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Preserving Medicare for Baby Boomers Likely Means New Revenues

Bipartisan Panel Says Surplus Alone Won't Save Medicare


For Immediate Release: September 26, 2000
Contact: Jill Braunstein at (202) 452-8097


WASHINGTON, DC -- Using the federal budget surplus to fill the projected gap in Medicare's finances is not a substitute for needing new revenues, according to a report released by the National Academy of Social Insurance. In fact, a bipartisan panel of experts assembled by NASI to analyze Medicare's future concludes that Medicare will require substantially more revenues over the coming decades than previously envisioned.

“While a robust economy and new cost containment measures have substantially improved Medicare's financial outlook, Medicare will still require significant additional revenues if we are to offer Baby Boomers the type of coverage enjoyed by current beneficiaries,” said Marilyn Moon, chair of NASI's study panel on Medicare's long term financing and a senior fellow at The Urban Institute.

The NASI panel analyzed various options for financing health services for Medicare beneficiaries over the next three decades. Its report shows that Medicare will require more than twice as much – or an increase of 111 percent – in taxpayer revenues in 2030 as it needed in 1998 to finance the same benefits.

“Continued growth in the economy, more efficient use of health care and new contributions from beneficiaries are not likely to be enough,” said panel member Sheila Burke, longtime policy advisor to former Senate Majority Leader Bob Dole (R-Kan.).

The report states that even with savings through efficiencies such as those presented in the Breaux/Thomas proposal to the 1999 Bipartisan Commission on the Future of Medicare, the program would still require 86 percent more taxpayer contributions in 2030 than it needed in 1998. Expansions in Medicare to cover pharmaceuticals, limit beneficiaries' out-of-pocket expenses or allow people younger than 65 to participate would further add to the program's financing needs. The NASI report states that adding a drug benefit with a $200 deductible, 20 percent coinsurance and $2,000 limit on out-of-pocket expenses, for example, would require 171 percent more revenues for Medicare in 2030 than in 1998.

The report also points out that using a federal budget surplus to fund Medicare's future and pay for expansions is not as simple as it sounds, and would still require additional revenues. Although the concept is seen by some as a way to fund some of Medicare's future needs in advance, others say it is merely an accounting change that will not help pay for additional Medicare spending in the future because the money is not actually held in reserves.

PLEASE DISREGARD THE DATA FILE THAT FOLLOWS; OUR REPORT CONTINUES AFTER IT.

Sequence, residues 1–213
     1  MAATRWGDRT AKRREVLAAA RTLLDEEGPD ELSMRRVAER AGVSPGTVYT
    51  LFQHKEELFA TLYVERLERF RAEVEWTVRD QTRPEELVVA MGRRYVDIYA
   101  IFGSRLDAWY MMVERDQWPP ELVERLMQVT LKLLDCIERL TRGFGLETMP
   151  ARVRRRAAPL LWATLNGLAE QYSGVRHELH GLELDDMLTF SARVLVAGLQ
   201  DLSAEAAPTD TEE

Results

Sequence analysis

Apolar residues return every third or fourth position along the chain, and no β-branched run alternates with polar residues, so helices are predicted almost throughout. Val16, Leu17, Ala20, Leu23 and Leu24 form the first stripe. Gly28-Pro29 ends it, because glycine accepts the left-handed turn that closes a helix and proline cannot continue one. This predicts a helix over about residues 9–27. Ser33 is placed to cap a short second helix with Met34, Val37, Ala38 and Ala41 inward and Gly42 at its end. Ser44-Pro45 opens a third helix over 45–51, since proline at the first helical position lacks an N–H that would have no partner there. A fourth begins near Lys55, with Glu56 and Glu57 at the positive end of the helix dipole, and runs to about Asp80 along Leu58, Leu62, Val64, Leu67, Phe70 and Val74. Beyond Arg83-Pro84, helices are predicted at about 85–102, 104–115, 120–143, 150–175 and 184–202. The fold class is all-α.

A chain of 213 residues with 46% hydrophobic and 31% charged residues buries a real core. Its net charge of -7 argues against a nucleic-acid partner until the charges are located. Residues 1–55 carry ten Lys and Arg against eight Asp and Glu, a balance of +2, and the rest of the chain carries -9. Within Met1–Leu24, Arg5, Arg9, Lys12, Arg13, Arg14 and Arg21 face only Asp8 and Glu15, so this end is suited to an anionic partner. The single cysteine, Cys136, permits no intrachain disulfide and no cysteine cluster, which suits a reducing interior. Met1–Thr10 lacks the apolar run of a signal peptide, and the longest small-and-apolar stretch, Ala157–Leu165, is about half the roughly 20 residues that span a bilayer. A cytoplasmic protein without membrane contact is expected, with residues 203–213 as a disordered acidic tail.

“When a surplus is earmarked for a government program, it's like giving the program a ‘promise to pay' from the rest of the government, redeemable at some future date,” said Moon. “But in a decade, when Medicare's costs begin to exceed annual receipts and Medicare turns to its surplus, the government will either have to raise taxes, cut spending or issue new debt to the public in order to redeem Medicare's securities. The panel agreed, however, that paying down the federal debt would improve the overall economy and make future changes less onerous.”

Despite the need for additional resources, the NASI report says Medicare's financing woes are solvable. The report says projected gaps in financing the current program could be met by taking any one of the following steps now:


  • Raising the payroll tax that currently finances Part A of Medicare from 2.9 percent to 4.84 percent. The payroll tax of a worker with an income of $35,000, for example, would go from $508 to $847 per year; the employer's tax would rise by the same amount.

  • Adding an 8.43 percent surcharge on income taxes already raised. For a family with income of $34,900 (just below the national median) with an average income tax liability in 1999, those taxes would rise from $1,710 to $1,852.

  • Establishing a 2.02 percent tax on all goods and services purchased except housing costs, financial services, and some labor. A family with $25,000 in taxable expenses would pay $505. If the tax base were narrowed to exclude food, medical care, new housing and a few other items, a tax rate of 3.29 percent on remaining consumption would close the projected gap. A family with $15,000 in taxable expenses would pay $494.



According to the report, other options, such as increasing federal excise taxes, taxing the Medicare benefits of upper-income beneficiaries, and taxing the value of employer-provided health insurance, could also help meet Medicare's financing needs.

“Whatever is done to secure Medicare's future, starting early is important,” said Michael Gluck, co-author of the report and scholar-in-residence at NASI. “Policymakers need to begin the process as soon as possible. That would make the burden faced by families in any given year smaller than if we wait until the revenue needs are close at hand.”

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The National Academy of Social Insurance is a nonprofit, nonpartisan organization made up of the nation's leading experts on Medicare, Social Security, and other social insurance programs. “Financing Medicare's Future” is the final product from an expert study panel convened as part of NASI's Restructuring Medicare for the Long Term project. The Robert Wood Johnson Foundation provided grant support for the project. The panel is composed of 12 recognized experts with diverse philosophical and professional backgrounds.
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